What Today Means to Me

In the second grade in the early ‘70s, one of my teachers told me, “You’re smart. You’re going to go to college someday.” It was her highest aspiration for me. At that time, it implied going on to becoming a secretary, a nurse, a teacher. All noble professions, but the only opportunities available. She was not implying, however, that someday I could be president. I never thought about being president as a child. It wasn’t possible. I am black. I was a girl. Even as an adult, I never thought I would see a black president or a woman president in my lifetime. But Hillary Rodham Clinton did.

Even when we got to know her as First Lady, we knew she was different. She wasn’t satisfied attending ceremonies, promoting a pet cause, or yes, baking cookies. She wanted to work. To help children. To transform our national health care system. It failed. But the country wasn’t ready, yet. She didn’t quit. Even when she said in the ‘90s, “Human rights are women's rights and women's rights are human rights.” The world wasn’t ready, yet. But she didn’t quit. And when she lost a hard-fought primary campaign against Senator Barack Obama, she didn’t give up on her dream.

There are many reasons why I voted for Secretary Clinton. And it’s not only because she’s a woman. I agree with her positions on many of the issues. But one thing I love about her is her resilience through adversity. She has helped women and children and effected change her entire adult life, meeting fierce resistance along the way. Most of us could not withstand the obstacles she has faced. I admire her, because she never, ever, ever quits. I like that in a president. She understands politics is a long and messy process. Significant change within the system takes time. Politics is a profession that requires super-human patience. Tonight, her patience will be reward.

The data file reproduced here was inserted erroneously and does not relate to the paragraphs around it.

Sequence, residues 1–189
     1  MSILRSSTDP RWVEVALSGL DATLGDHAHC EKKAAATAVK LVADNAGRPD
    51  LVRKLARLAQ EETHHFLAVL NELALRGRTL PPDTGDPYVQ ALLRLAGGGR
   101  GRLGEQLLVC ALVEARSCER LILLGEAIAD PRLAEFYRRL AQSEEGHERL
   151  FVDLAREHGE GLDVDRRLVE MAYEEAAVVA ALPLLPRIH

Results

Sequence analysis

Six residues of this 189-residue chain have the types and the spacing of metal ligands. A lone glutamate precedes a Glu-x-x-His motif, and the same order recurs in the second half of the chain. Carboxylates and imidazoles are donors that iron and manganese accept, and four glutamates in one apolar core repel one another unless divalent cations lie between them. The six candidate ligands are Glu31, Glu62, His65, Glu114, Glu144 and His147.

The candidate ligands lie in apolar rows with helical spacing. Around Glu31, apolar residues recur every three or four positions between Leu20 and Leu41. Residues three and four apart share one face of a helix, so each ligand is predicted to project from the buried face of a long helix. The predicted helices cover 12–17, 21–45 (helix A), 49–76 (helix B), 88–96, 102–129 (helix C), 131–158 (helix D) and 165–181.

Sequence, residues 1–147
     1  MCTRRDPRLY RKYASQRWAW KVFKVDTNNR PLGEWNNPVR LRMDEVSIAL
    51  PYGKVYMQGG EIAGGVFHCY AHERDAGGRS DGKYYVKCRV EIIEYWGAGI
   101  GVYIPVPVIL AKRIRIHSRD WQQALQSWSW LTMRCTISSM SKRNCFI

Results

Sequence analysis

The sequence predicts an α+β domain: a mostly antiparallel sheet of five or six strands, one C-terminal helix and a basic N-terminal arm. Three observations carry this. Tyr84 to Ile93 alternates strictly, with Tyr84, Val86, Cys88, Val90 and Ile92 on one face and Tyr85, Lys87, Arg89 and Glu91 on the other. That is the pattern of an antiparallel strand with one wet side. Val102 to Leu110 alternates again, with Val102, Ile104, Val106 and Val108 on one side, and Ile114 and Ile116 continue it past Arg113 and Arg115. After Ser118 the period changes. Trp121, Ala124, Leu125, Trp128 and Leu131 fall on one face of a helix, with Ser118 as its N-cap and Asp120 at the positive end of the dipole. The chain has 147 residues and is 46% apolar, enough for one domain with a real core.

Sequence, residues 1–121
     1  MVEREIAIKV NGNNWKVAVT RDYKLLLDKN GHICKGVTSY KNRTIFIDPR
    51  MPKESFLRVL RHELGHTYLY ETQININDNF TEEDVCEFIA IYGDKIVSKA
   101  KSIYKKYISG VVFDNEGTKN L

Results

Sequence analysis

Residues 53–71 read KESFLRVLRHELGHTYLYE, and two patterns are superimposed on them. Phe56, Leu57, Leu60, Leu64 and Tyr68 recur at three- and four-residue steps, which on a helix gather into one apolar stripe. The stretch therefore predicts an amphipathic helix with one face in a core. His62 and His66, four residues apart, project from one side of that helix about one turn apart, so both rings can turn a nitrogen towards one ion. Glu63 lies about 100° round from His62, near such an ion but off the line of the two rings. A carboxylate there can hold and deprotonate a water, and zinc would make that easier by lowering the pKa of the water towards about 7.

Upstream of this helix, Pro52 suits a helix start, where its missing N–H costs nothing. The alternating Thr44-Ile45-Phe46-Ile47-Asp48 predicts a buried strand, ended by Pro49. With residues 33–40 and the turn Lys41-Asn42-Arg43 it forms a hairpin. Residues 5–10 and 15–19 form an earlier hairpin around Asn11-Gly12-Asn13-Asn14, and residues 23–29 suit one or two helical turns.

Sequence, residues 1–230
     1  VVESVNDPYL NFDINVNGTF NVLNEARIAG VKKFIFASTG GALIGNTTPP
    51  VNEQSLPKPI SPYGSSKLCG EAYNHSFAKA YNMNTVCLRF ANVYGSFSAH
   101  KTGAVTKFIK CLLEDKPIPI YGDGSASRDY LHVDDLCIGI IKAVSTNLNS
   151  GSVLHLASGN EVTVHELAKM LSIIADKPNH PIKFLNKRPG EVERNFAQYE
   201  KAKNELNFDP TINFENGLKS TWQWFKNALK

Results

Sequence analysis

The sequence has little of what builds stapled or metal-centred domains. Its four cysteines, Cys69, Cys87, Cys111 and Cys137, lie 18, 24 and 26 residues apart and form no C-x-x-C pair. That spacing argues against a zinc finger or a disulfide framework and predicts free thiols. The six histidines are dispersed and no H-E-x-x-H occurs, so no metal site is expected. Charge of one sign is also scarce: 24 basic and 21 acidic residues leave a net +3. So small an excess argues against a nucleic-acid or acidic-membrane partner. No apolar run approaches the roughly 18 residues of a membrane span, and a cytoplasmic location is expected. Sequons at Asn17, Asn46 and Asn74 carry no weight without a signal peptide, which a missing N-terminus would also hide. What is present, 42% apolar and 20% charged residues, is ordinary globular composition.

The shattering of the ultimate glass ceiling is for every girl who has been told she’s not good enough, for every woman who has been beaten or killed for the right to vote, for every girl who has been told “you can’t do that, you’re a girl,” for every woman who has met sexism in the workplace or in school. Now, every girl in the United States of America from this day forward knows that she can grow up to be president of this great country.

As a woman, this is special day for me. An historic one. I am blessed to have lived through two. As an author, I write about two strong women, Jade Harrington and Senator Whitney Fairchild, who inspire me every day. You may see a little—maybe, a lot—of Hillary Clinton in Senator Fairchild.

I won’t apologize for becoming emotional tonight. Or for doing a HRC shimmy. I’ve earned it. And, as Beyoncé, would say, “I ain’t sorry.”